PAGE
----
The truth is that as adults we have the harder task of having to learn this emotional agility and awareness after a boatload of years of doing it all wrong. Our own behavioral patterns in response to our emotions are deeply engrained. Part of the personal growth practice is to “catch ourselves” BEFORE we hit repeat on an old pattern and choose differently how to respond vs. react.
The more conscious we become of our own patterns and relationship with our emotional landscape, the more opportunities we have to practice what we preach!
We want our kids to see that emotions are just a normal, natural part of being a human being. The more comfortable we all are with naming emotions, being able to recognize how they show up in us (regardless of our age….either 2 or 42), the more empathy we actually feel for each other. Small children can totally relate to mom or dad when they honestly announce they are frustrated, angry, disappointed. These tiny humans intuitively know what those emotions feel like for themselves. There is a much higher probability that the conversation will shift to “how can I help?”
A family that is skilled at emotional intelligence and navigation is cultivating a healthy relationship with emotions, empathy and connection. Children who have confidence in their own personality and nature will flourish. Children who possess a strong working knowledge of their own emotions will better understand other’s emotions. Disagreements and conflicts will be rooted in what the emotions are telling them is important to them. This will enable kids to identify their needs and articulate them clearly. These invaluable life skills become the guard rails that kids need to make good choices about friendships, interactions with others, habits and their own goals in life.
As I reflect on things I am learning through my own personal growth work over these past 7+ years, I am so grateful and so motivated to empower younger generations with the knowledge and insights I wish I had been aware of at their tender ages. How my generation was taught to deal with emotions created huge roadblocks to reaching our full potential, for knowing who we really are and what matters most to us, and left us ill-equipped to effectively navigate life and relationships in a healthy, evolving way.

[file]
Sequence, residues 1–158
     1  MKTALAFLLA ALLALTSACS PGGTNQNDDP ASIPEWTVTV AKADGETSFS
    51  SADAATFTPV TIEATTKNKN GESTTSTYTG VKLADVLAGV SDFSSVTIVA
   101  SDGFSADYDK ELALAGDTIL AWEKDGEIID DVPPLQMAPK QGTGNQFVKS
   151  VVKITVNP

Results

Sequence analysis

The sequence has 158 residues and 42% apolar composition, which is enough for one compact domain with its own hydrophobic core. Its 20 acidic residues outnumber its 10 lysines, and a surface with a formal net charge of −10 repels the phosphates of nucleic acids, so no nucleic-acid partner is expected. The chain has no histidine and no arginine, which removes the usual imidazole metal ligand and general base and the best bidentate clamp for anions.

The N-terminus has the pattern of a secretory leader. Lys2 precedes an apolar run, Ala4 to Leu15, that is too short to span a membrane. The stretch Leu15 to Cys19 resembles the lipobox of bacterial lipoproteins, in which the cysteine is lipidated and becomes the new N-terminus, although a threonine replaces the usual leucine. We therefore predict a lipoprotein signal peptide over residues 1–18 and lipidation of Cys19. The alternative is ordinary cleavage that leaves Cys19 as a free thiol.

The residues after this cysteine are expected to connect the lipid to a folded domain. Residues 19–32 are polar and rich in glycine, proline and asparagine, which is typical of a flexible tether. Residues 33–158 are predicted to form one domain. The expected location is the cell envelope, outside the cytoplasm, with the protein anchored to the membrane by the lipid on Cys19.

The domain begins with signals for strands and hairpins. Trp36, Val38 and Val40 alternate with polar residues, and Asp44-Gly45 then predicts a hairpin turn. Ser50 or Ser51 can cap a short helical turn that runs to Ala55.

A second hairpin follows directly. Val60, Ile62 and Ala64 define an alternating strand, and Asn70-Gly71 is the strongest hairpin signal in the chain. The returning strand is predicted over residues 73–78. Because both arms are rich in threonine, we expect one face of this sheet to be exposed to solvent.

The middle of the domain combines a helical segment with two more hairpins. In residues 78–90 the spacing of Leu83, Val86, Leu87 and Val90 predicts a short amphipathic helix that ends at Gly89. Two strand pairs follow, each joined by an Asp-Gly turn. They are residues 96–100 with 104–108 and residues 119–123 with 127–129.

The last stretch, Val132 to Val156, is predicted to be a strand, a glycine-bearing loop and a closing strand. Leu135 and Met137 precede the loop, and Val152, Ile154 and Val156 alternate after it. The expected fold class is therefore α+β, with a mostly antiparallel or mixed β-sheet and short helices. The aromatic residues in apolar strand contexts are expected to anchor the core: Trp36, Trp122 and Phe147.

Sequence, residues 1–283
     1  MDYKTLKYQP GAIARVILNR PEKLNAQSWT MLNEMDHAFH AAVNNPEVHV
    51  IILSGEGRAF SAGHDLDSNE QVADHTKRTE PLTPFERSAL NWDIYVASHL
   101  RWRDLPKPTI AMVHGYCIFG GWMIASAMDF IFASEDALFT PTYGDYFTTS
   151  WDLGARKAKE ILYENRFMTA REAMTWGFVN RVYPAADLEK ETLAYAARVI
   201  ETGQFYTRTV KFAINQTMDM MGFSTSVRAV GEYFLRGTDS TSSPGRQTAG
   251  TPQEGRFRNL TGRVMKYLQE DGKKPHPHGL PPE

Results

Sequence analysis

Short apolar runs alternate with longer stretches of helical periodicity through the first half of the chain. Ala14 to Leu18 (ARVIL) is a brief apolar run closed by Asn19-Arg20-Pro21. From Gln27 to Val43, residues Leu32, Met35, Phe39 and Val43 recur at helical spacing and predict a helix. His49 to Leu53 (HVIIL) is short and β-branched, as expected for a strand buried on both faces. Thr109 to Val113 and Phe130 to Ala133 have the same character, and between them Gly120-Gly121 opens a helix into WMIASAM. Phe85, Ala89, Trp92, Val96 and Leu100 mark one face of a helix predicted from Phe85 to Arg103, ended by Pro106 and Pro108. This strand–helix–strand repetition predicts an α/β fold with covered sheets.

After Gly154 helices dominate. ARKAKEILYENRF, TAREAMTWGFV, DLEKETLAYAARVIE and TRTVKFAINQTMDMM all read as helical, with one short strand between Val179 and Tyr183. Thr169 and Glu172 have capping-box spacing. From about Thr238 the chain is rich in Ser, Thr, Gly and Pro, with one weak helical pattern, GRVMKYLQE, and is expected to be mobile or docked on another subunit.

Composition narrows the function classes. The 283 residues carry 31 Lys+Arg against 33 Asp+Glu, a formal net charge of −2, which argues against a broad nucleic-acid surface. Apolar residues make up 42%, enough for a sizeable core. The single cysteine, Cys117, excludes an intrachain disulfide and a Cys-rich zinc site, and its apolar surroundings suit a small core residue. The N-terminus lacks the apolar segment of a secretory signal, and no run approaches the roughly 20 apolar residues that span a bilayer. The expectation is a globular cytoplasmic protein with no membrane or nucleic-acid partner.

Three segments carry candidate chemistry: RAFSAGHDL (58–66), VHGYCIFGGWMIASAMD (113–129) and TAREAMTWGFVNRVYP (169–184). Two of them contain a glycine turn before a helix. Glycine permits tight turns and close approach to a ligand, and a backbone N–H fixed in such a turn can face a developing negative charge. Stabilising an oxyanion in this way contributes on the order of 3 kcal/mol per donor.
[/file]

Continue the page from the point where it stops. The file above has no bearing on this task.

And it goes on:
Now we know better — Now we know that emotions are building blocks for the solid foundation of a rich, high quality life of authenticity, belonging and connection. Some of my most rewarding conversations these days are with a 5 and 7 year old. Never in a million years did I anticipate having such delightful, exploratory conversations about emotions of all things with young children.
This is how we learn and grow together…..
Adults discovering the flaws in how we were raised and what we observed, doing their inner work and then in turn, reaching back and lending a helping hand to those who come behind us. Witnessing the transformation that comes from better relationship skills is the greatest reward.
These are three of my favorite books and favorite resources — Dr. Dan Siegel who teaches us so much about what the developing brains of our young children really need from us in order to feel safe and flourish; Dr. John Gottman and his wife, Dr. Julie Gottman, who are renowned for their couples therapy and relationship teachings as well as childhood development and teaching emotional intelligence and fluidity; and yung puelbo who has recently published his third book about his own personal growth journey (he’s a favorite because he is in his mid-30’s and a remarkable example of a young person taking a deep dive into his own self discovery, limiting beliefs and roadblocks and then openly sharing all that he’s learning with others in a relatable, realistic way.
The Being Well Podcast series has an extensive list of episodes to support personal growth and positive mental health. You can find Being Well on YouTube and on Apple & Spotify. I encourage you to check out their library of topics and choose those that appeal to you and whatever you might be exploring for your own personal growth, self-discovery and parenting needs.
Check out the September 19th episode entitled Discovering Your Wants and Needs: https://podcasts.apple.com/us/podcast/being-well-with-dr-rick-and-forrest-hanson/id1120885936?i=1000579912109